For the transparency to work properly the images on the buttons must have transparency information. The easiest way to do this is to specify the transparent colour in the image list editor (see Figure 4-7). If you create a bitmap with a white background and you wish to have all areas of that colour transparent then simply set the transparent colour to clWhite.

Dockable toolbars

As mentioned earlier, allowing the user to customize the toolbars is a nice addition to a professional looking program. One possible feature is the ability to change the placement of the toolbar. This can be done with an option in a Preferences dialog box (perhaps a radio button group with four options, top, left, bottom and right), but a neater method is to allow the user to simply drag the toolbar to its new location.

Delphi visual components support drag and drop operations, providing a number of properties and events that let each component trap dragging and dropping operations and to decide what to do with them. You could implement dockable toolbars by setting the DragMode property of the toolbar base (the TPanel or TToolBar that forms the container) to dmAutomatic, which lets the user start dragging it. You then need to create OnDragOver and OnDragDrop event handlers for each component that you may drag the toolbar over, including other child forms.

This can get a bit complex, however. You can have all components share the same event handlers (checking the Sender parameter if necessary if different types of components must react differently) but you must still remember to link those handlers to each new component you add.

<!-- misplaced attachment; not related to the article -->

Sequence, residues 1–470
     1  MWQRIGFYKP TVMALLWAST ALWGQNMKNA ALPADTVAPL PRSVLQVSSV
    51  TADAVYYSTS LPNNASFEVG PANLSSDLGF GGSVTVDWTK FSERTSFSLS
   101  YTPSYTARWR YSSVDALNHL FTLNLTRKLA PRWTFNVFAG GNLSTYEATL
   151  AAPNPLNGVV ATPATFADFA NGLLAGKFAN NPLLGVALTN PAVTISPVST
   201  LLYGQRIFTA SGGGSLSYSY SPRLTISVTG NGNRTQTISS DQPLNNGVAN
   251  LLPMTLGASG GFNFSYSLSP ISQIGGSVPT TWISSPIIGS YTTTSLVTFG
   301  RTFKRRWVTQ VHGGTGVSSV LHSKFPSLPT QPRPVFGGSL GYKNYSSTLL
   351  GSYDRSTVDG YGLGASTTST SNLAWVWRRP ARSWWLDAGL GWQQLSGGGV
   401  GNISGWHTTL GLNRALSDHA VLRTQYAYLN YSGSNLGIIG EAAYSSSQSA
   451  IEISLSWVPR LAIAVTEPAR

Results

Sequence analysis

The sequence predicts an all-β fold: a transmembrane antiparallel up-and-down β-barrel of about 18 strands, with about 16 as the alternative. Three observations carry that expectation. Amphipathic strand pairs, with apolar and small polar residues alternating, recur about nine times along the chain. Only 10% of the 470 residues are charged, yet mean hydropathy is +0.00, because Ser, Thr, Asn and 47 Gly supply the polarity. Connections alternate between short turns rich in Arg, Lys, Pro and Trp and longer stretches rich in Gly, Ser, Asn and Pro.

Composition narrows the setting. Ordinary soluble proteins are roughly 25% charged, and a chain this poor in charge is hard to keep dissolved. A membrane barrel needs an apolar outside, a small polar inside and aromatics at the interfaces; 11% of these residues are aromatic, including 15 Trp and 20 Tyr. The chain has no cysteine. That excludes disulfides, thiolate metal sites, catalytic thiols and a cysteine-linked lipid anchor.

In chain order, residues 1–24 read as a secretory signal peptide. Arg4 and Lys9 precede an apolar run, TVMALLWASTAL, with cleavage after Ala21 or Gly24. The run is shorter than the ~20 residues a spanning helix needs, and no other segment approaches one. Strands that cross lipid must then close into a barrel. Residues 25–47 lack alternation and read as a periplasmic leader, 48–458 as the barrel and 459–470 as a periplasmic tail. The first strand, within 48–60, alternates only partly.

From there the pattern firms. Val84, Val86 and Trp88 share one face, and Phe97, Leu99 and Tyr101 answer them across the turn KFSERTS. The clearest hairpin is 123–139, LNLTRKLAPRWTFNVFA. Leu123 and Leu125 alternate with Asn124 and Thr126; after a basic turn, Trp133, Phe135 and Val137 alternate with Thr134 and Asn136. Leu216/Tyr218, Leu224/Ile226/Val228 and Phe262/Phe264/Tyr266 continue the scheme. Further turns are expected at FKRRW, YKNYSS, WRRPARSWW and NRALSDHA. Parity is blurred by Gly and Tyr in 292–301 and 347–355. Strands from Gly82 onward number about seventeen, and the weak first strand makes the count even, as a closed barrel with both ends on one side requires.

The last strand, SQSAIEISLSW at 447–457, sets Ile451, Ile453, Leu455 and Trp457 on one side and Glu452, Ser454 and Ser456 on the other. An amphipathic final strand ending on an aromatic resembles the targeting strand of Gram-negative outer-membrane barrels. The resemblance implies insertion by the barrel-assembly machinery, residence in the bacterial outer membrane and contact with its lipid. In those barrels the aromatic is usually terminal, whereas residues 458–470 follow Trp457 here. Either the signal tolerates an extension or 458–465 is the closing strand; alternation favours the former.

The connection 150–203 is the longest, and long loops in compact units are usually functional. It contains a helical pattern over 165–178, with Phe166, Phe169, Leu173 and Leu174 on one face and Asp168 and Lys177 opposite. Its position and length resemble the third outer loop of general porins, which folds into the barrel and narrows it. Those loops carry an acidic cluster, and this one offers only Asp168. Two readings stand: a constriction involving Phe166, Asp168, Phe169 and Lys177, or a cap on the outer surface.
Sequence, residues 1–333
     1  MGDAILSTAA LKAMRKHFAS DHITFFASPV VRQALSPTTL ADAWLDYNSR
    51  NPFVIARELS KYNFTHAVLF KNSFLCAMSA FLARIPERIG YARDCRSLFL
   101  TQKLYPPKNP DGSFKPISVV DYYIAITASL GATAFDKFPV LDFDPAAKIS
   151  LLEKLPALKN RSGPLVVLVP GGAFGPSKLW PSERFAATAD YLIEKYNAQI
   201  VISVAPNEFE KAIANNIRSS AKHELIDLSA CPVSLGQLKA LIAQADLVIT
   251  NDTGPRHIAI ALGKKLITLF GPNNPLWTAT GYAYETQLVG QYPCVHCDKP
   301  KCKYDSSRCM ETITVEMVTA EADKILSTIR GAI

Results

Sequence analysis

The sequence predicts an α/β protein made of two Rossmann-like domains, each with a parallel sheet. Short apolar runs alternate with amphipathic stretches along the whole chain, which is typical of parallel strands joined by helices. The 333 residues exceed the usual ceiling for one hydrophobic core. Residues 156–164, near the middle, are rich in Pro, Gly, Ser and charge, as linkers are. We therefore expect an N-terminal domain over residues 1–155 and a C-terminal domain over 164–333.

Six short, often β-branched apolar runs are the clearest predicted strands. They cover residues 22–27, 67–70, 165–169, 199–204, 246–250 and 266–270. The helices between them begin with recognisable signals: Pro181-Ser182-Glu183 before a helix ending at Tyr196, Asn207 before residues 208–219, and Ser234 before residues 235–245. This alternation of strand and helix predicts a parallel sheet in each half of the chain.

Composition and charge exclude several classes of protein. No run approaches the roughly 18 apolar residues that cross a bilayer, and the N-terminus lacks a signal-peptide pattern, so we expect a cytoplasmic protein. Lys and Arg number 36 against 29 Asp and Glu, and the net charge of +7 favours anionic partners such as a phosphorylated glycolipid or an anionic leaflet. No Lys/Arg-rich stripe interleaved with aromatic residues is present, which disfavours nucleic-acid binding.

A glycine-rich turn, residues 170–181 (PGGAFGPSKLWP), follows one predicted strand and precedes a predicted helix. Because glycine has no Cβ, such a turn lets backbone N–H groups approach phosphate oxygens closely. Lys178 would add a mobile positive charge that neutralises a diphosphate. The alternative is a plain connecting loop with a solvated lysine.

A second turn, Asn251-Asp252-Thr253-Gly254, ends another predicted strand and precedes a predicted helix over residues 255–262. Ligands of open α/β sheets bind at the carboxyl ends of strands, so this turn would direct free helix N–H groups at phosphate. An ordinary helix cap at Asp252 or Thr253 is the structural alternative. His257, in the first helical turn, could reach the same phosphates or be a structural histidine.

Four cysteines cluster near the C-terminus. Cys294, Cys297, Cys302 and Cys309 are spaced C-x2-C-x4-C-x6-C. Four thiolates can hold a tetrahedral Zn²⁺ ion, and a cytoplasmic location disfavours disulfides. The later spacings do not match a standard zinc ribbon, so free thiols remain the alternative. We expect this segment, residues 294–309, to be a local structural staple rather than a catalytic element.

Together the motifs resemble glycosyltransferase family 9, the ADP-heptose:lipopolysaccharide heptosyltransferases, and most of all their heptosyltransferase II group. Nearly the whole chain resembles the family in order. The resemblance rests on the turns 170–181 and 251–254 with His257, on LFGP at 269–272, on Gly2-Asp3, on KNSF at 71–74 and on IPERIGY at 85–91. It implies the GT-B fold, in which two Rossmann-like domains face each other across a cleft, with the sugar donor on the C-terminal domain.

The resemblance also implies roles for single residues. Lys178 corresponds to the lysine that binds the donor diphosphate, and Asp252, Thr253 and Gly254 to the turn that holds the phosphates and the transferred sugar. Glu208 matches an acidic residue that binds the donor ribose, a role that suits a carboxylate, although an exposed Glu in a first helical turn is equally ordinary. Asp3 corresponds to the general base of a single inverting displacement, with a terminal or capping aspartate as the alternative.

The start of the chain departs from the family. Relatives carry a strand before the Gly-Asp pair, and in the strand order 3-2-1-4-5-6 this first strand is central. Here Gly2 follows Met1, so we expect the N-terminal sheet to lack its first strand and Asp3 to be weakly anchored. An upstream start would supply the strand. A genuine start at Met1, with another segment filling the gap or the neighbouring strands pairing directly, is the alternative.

A simpler method is to create a new component, descended from TPanel or TToolBar, that traps mouse clicks and movements to support dragging on its own, with no reference to other components (other than the parent form).

Our design criteria for this draggable toolbar is that it should give the user visual feedback as to what is happening when they drag the toolbar. We can do this with a rectangular outline of the same size as the toolbar. This is moved around the screen as the users drags to indicate the current position. Moving an outline like this is faster than trying to redraw the whole toolbar at each mouse move.

During dragging it should indicated in some way where the toolbar will end up when it is dropped. We can do this by changing the orientation of the dragging outline to indicate if it will be at the sides or the top or bottom. Finally, when it is dropped the toolbar should align itself to the appropriate edge of the form and rearrange the buttons to fit the new orientation.

The source code for this example is in project \CHAP4\DRAGBAR\TESTDRAG.DPR. The component in DRAGPANL.PAS will need to be installed on your palette before opening this project.

The following unit implements a toolbar component meeting these criteria:

Listing 4-2 _ A draggable toolbar, from DRAGPANL.PAS

unit Dragpanl;


  SysUtils, WinTypes, WinProcs, Messages, Classes, 
  Graphics, Controls, Forms, Dialogs, ExtCtrls;

  TDragPanel = class(TPanel)
    { Private declarations }
    Dragging : boolean;
    DragRect : TRect;
    YOffset    : integer;
    ParentForm : TForm;
    CurHotZone : TAlign;
    procedure DrawDragRect;
    procedure Loaded; override;
    function NewHotZone(x,y:integer):TAlign;
    procedure InvertDragRect;
    function OrientationChanged
               (CurAlign, NewAlign : TAlign) : boolean;
    procedure RearrangeButtons;
    { Protected declarations }
    procedure MouseDown(Button: TMouseButton;